A good book for browsing or for starting tree-related research.




This large (10.75 by 17.75 inches) Polish import has equally large illustrations, complementing facts about generic and specific trees’ lives, deaths, and after-death uses—and many more tree-related topics.

This is a book that encourages readers to flip through its pages; every double-page spread is chock-full of colorful, stylized, eye-catching art that takes up most of the space. The text, confined to one vertical margin per spread, is accessible if a bit prosaic (though occasionally florid)—and it covers a forest of categories. There are simplified explanations of how to distinguish a tree from other plants; photosynthesis; evolution; fossilization; how to fell a tree; uses by humans and animals; and more. Besides expected data about the world’s tallest and broadest trees, there is a fascinating timeline showing various points in human history during the life of CBR26, a giant sequoia cut down around 1900. Facts such as the existence of “living bridges” in India and rot-resistant pine in Norwegian churches motivate readers to seek more information elsewhere. There are some missed opportunities for exciting art, and it is puzzling why most, but not all, illustrations are carefully labeled. The retro style of the art spills into stereotypical renderings of people; the text, in kind, uses B.C. and A.D. and, in its section entitled “Trees in Religion,” describes the Quran as “the holy book of Islam”—but offers no description of “the Bible” and uses “myth” or “mythology” to describe non-Abrahamic cosmologies.

A good book for browsing or for starting tree-related research. (Informational picture book. 8-12)

Pub Date: April 9, 2019

ISBN: 978-1-4197-3723-7

Page Count: 80

Publisher: Abrams

Review Posted Online: Jan. 15, 2019

Kirkus Reviews Issue: Feb. 1, 2019

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What better way to make natural history slide down easily? (index) (Nonfiction. 8-10)



Cusick floats a slick, select gallery of nature’s spitters, nose-pickers, oozers, and slimers—most but not all nonhuman—atop nourishing globs of scientific information.

Title notwithstanding, the book is limited just to mucus and saliva. Following introductory looks at the major components of each, Cusick describes their often similar uses in nature—in swallowing or expelling foreign matter, fighting disease, predation and defense, camouflage, travel, communication (“Aren’t you glad humans use words to communicate?”), home construction, nutrition, and more. All of this is presented in easily digestible observations placed among, and often referring to, color photos of slime-covered goby fish, a giraffe with its tongue up its nose, various drooling animals, including a white infant, and like photogenic subjects. Two simple experiments cater to hands-on types, but any readers who take delight in sentences like “Some fungus beetles eat snail slime mucus” come away both stimulated and informed.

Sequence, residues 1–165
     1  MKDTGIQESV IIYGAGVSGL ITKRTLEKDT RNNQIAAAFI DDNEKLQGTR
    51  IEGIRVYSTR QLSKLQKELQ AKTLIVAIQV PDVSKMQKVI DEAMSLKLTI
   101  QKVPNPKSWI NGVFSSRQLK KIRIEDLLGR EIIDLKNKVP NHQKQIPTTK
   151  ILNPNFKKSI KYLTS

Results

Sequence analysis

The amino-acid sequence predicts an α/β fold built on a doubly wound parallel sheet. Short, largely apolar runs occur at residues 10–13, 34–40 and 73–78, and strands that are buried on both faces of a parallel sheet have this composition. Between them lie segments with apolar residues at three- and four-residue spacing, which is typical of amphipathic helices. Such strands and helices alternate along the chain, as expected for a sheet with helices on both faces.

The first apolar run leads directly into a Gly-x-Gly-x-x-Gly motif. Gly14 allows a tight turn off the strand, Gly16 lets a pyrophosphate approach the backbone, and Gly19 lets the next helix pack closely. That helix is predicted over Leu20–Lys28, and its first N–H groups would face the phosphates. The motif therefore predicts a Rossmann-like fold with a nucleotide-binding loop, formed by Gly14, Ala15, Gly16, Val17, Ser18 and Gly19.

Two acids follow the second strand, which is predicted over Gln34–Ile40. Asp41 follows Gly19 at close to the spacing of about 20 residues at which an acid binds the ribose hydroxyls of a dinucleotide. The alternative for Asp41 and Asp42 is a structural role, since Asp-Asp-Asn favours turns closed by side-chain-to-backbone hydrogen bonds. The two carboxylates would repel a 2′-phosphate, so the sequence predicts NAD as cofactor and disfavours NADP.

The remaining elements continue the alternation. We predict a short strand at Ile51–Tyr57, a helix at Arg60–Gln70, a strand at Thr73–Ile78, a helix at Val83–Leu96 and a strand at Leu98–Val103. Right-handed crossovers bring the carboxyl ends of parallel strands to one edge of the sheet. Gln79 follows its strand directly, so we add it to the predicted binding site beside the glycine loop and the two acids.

What better way to make natural history slide down easily? (index) (Nonfiction. 8-10)

Pub Date: Dec. 15, 2016

ISBN: 978-1-63322-115-4

Page Count: 80

Publisher: Moondance/Quarto

Review Posted Online: Sept. 19, 2016

Kirkus Reviews Issue: Oct. 1, 2016

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The photos effectively convey the scope of Harvey’s impact, but while journalistically sound, this informative book doesn’t...



The devastation of 2017’s Hurricane Harvey is explained, from the storm’s origin to its ongoing aftermath, in this photo-heavy book.

In retelling the story of how a storm got so big it caused 82 deaths and billions of dollars in damage along the Texas coast, Minneapolis-based author Felix details the science of hurricanes for those unfamiliar and unpacks why this and a series of other hurricanes made for one of the most damaging weather years on record. Although it’s packed with info-boxes, a glossary, tips for safety during a hurricane and helping survivors afterward, a snapshot of five other historic hurricanes, and well-curated photos, it misses an opportunity to convey some of the emotion and pain victims endured and continue to feel. Instead, much of the text feels like a summation of news reports, an efficient attempt to answer the whys of Hurricane Harvey, with only a few direct quotations. Readers learn about Virgil Smith, a Dickinson, Texas, teen who rescued others from floodwaters with an air mattress, but the information is secondhand. The book does answer, clearly and concisely, questions a kid might have about a hurricane, such as what happens to animals at the zoo in such an emergency and how a tropical storm forms in the first place. A portion of the book’s proceeds are to be donated to the Texas Library Association’s Disaster Relief Fund.

The photos effectively convey the scope of Harvey’s impact, but while journalistically sound, this informative book doesn’t capture the fear and shock those who lived through the hurricane must have felt. (Nonfiction. 9-10)

Pub Date: Feb. 1, 2018

ISBN: 978-1-5415-2888-8

Page Count: 36

Publisher: Millbrook/Lerner

Review Posted Online: March 19, 2018

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